Up to 50% of all patients requiring cardiopulmonary bypass during cardiac surgery develop acute renal failure, with less than 5% requiring renal replacement therapy. Consequently, post-cardiac surgery acute kidney injury (AKI) is associated with increased morbidity and mortality. In the July Critical Care Medicine, McGuinness and colleagues designed a multicenter Phase IIb trial to test the hypothesis that a perioperative infusion of sodium bicarbonate might attenuate AKI in cardiac surgery patients.
This study was a multicenter, double-blind, randomized controlled trial designed to assess whether an infusion of sodium bicarbonate versus an infusion of 0.9% sodium chloride would result in less postoperative AKI in patients undergoing cardiac surgery. Patients were included if they were considered to be a higher risk for postoperative AKI based on previously published predictive criteria. The primary outcome was postoperative AKI; secondary outcomes included the need for dialysis, degree of AKI (based on Risk, Injury, Failure, Loss, and End-Stage kidney disease [RIFLE] and Acute Kidney Injury Network [AKIN] criteria), and additional clinical and physiological outcomes. Data were analyzed according to the intention-to-treat principle with appropriate univariate and multivariate statistics.
After 433 patients were enrolled, 218 patients received sodium bicarbonate and 215 received sodium chloride. Three patients were lost before analysis in each group. Patients who received sodium bicarbonate had statistically higher blood pH, blood bicarbonate, and urine pH when followed for 24 hours. There was no difference in the incidence of AKI between the study groups. The bicarbonate group, 47% of patients (95% confidence interval [CI] =, 40%-55%) developed AKI compared to 44% (95% CI, 37%-51%) in the sodium chloride group (P=0.58). The overall need for dialysis was 3% in the bicarbonate group and 5% in the sodium chloride group (P=0.44). No differences were found for other secondary outcomes. As an additional finding, previously published preoperative criteria for the prediction of AKI after surgery appeared to be validated by this study.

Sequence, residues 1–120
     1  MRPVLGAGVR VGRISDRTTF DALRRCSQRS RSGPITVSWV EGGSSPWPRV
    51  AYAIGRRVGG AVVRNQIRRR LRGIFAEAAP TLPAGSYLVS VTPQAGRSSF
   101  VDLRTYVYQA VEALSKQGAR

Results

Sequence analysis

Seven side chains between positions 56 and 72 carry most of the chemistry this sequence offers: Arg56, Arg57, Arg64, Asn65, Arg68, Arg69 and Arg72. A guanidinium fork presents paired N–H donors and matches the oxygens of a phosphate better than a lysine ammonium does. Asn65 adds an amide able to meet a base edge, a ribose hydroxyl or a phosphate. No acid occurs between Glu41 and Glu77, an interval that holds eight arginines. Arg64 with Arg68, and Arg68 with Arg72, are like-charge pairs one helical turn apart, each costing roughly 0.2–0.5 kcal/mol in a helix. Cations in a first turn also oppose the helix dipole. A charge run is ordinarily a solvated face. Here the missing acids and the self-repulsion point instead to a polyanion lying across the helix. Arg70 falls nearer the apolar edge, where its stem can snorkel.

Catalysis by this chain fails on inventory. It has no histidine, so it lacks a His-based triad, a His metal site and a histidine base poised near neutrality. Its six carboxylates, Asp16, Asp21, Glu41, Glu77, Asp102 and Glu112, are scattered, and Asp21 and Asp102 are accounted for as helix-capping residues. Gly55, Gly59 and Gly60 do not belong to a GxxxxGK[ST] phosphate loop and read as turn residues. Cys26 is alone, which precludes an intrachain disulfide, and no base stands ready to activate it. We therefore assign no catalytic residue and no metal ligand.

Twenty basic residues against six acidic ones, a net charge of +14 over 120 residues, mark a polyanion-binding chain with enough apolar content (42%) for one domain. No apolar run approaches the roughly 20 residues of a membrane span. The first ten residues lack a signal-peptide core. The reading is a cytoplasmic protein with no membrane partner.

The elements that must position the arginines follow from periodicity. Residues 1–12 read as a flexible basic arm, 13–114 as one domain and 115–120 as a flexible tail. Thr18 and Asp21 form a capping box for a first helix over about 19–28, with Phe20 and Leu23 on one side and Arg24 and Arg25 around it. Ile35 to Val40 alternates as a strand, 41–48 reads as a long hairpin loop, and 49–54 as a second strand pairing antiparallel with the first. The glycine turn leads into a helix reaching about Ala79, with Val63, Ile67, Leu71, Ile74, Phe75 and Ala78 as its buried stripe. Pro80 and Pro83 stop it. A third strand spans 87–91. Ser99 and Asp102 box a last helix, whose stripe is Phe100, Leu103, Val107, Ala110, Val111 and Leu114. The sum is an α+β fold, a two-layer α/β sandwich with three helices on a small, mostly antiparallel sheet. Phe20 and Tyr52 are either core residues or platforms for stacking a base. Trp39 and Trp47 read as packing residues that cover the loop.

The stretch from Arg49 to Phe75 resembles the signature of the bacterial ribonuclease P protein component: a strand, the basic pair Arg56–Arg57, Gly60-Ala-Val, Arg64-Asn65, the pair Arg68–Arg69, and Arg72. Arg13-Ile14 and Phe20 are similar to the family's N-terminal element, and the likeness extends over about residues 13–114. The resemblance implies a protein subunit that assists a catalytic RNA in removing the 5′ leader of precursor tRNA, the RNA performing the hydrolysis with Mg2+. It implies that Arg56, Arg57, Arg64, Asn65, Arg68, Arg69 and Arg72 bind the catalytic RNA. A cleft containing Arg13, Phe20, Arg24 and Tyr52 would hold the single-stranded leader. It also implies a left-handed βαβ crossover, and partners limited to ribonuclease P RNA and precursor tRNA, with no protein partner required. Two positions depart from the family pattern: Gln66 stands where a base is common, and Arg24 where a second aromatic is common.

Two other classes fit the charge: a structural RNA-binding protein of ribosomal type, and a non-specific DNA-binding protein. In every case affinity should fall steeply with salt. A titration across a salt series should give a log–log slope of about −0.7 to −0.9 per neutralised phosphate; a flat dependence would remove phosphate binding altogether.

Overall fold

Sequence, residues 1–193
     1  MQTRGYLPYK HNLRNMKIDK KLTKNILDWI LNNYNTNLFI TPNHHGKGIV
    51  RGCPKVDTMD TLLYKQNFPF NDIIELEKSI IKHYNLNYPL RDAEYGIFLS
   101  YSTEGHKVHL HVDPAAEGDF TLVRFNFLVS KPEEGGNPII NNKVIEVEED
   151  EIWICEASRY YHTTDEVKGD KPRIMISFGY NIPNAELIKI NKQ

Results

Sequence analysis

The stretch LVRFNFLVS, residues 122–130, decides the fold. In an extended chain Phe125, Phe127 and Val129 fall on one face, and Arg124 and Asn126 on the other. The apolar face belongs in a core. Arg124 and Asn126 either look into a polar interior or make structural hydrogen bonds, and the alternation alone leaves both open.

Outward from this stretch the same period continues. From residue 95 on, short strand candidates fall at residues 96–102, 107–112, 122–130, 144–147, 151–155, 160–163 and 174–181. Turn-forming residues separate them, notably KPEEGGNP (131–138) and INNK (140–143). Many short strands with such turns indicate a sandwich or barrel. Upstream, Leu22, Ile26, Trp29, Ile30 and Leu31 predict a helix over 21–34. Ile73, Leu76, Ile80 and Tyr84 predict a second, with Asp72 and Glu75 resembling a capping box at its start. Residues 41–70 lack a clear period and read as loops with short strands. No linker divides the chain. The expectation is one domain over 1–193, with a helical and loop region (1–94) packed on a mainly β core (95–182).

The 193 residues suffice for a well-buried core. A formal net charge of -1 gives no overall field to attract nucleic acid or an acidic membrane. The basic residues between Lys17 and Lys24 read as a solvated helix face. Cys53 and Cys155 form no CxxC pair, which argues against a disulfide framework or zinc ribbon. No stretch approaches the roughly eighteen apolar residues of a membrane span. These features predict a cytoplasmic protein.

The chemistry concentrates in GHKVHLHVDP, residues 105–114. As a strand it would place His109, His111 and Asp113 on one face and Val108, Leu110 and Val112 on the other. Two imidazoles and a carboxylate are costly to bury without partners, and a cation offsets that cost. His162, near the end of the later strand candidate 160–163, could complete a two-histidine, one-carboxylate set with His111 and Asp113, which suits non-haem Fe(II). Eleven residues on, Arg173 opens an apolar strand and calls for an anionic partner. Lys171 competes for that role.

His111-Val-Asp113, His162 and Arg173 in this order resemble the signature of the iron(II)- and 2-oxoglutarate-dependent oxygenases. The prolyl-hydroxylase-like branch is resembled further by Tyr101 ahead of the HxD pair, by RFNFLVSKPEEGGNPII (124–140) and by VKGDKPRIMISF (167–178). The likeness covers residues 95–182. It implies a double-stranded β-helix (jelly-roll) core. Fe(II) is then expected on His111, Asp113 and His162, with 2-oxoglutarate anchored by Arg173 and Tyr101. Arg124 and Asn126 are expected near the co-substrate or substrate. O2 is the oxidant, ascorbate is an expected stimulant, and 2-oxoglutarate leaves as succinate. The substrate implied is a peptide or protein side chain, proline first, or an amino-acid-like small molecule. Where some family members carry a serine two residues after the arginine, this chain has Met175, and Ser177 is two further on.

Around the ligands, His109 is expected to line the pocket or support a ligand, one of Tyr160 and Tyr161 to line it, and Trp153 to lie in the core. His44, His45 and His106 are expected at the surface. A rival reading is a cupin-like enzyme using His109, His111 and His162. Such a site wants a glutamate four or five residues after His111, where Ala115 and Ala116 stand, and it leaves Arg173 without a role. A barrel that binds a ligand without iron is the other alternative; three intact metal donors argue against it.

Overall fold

This study exhibited the strengths of a sound design, including double blinding and multicenter international enrollment. The study was stopped prematurely before full enrollment (based on preliminary results communicated to the investigators from another concomitant similar trial), and it is possible that the study might have been underpowered due to an underestimation of the control event rate of AKI in the normal saline group (type 2 error). Moreover, different cardiopulmonary bypass and other practices among the participating institutions may have introduced some degree of residual confounding. Despite these limitations and others, the results from this study provide the most current and best available evidence to date suggesting that perioperative sodium bicarbonate does not reliably reduce AKI following cardiac surgery in high-risk patients.
This Concise Critical Appraisal is authored by SCCM member Samuel M. Galvagno Jr., DO, PhD.
Galvagno is an Assistant Professor at the University of Maryland, R. Adams Cowley Shock Trauma Center, and is board certified in anesthesiology, critical care medicine, and public health. He earned his PhD in Clinical Investigation from Johns Hopkins in 2012. His major interests include aeromedical critical care, pain management in the ICU, medical education, and patient safety. He teaches FCCS, ACLS, PALS, and ATLS. A major in the United States Air Force, he is the Director of Critical Care Air Transport Team (CCATT) Operations at the 943rd Aerospace Medicine Squadron at the 943rd Rescue Group, Davis-Monthan Air Force Base, Arizona.